Issue
A&A
Volume 612, April 2018
H.E.S.S. phase-I observations of the plane of the Milky Way
Article Number A4
Number of page(s) 7
Section Galactic structure, stellar clusters and populations
DOI https://doi.org/10.1051/0004-6361/201526545
Published online 09 April 2018

© ESO 2018

1 Introduction

Supernova remnants (SNR) are prime candidates to be sources of Galactic cosmic rays. The detection of very-high-energy (VHE) γ-ray (E > 100 GeV) and nonthermal X-ray emission from SNRs has shown that they do in fact accelerate particles to energies above 100 TeV (see, e.g., Hinton & Hofmann 2009; Aharonian 2013).

RCW 86 (also known as G315.4-2.3 or MSH 14-63) is located at a distance of (2.5 ± 0.5) kpc (Helder et al. 2013). It is almost circular in shape with a diameter of about 40’ clearly showing a shell-like structure in the optical (Smith 1997), radio (Kesteven & Caswell 1987), infrared (Williams et al. 2011) and X-ray (Pisarski et al. 1984) regimes. The source has been detected in γ-rays (Aharonian et al. 2009; Yuan et al. 2014), but a shell-like structure was not resolved. RCW 86 is a young SNR, which is about 1800 years old, based on the probable connection to the historical supernova SN 185 recorded by Chinese astronomers in 185 AD (Stephenson & Green 2002; Smith 1997; Dickel et al. 2001; Vink et al. 2006). The nature of the RCW 86 supernova (SN) progenitor was under intense discussion in the context of its young age and its unusually large size with a radius of R ≈ 15d2.5 pc (d2.5: the distanceto RCW 86 in units of 2.5 kpc). Williams et al. (2011) comprehensively studied all arguments about the type of the progenitor of RCW 86 and conducted hydrodynamic simulations to explain the observed characteristics. They concluded that RCW 86 is likely the remnant of a Type Ia supernova. The explosion was off-center in a low-density cavity carved by the progenitor system (see also Vink et al. 1997; Broersen et al. 2014).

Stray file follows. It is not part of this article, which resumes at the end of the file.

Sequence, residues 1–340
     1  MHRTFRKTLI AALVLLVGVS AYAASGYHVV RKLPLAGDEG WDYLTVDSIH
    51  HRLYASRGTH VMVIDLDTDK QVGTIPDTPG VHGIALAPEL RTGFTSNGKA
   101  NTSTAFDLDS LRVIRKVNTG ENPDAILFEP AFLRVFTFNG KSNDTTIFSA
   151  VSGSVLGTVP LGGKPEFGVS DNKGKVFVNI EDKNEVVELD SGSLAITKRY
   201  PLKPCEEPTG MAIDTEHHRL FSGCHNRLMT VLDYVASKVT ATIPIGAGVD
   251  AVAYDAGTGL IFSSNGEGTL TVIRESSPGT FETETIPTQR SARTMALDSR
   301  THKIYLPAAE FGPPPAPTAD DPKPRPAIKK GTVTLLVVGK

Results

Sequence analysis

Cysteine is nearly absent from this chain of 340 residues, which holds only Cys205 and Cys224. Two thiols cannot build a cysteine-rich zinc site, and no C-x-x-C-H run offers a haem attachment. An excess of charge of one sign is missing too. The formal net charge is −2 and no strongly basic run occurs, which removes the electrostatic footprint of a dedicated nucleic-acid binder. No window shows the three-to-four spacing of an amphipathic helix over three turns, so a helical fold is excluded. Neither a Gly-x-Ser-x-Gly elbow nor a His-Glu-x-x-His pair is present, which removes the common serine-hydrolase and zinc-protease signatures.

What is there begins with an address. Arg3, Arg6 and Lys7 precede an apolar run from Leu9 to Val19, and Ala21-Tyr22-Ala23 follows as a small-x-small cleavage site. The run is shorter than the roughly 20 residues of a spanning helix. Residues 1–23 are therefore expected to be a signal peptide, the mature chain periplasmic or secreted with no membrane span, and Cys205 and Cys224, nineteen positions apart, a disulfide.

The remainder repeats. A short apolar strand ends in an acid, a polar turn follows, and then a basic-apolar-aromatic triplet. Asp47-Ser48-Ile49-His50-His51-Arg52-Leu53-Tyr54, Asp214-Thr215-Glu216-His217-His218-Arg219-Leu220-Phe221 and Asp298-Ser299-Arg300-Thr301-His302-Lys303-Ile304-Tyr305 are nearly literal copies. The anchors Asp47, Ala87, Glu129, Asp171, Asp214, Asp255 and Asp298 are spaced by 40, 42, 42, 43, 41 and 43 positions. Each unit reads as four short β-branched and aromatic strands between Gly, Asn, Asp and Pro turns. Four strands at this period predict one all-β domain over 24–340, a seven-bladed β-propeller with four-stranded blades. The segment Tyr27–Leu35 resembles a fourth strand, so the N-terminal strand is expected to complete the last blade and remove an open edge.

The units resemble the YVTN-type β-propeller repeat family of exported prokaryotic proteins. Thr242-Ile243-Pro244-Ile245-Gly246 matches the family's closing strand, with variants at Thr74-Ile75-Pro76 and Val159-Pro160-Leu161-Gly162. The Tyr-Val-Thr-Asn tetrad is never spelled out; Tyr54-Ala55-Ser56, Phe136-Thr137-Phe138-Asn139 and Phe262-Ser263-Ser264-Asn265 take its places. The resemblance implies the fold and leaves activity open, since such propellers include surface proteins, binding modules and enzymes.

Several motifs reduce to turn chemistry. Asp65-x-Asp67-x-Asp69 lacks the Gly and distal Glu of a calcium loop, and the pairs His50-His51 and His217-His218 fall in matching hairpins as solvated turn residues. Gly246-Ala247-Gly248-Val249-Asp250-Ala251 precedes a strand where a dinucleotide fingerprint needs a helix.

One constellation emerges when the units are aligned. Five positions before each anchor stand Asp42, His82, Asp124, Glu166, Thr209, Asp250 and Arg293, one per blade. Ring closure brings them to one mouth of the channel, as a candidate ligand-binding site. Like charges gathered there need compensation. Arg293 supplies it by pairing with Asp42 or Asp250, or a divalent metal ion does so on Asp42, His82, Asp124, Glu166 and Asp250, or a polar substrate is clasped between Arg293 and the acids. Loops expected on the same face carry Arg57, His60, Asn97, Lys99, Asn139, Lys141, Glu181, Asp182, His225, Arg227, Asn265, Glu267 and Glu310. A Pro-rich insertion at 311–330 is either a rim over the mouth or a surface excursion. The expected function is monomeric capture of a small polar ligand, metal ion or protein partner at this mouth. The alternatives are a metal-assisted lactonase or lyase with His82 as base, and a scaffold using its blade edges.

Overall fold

The physical conditions vary within the volume of RCW 86. While slow shocks have been measured ( ~600–800 km s−1; Long & Blair 1990; Ghavamian et al. 2001) in the southwest (SW) and northwest (NW) regions along with relatively high post-shock gas densities ( ~2 cm−3; Williams et al. 2011), X-ray measurements by Helder et al. (2009) indicate high velocities of 6000 ± 2800 km s−1 in the northeast (NE) whereas optical measurements of specific knots in this region by Helder et al. (2013) show large variations in proper motions between 700–2000 km s−1 and low densities of ~0.1–0.3 cm−3 (see Yamaguchi et al. 2011). In the SW, NE, and to a lesser extent in the NW region, nonthermal X-ray emission is detected (Bamba et al. 2000; Vink et al. 1997, 2006; Williams et al. 2011). Near a region of Fe-K-line emission in the SW, there is nonthermal emission possibly synchrotron radiation from electrons accelerated at the reverse shock (Rho et al. 2002).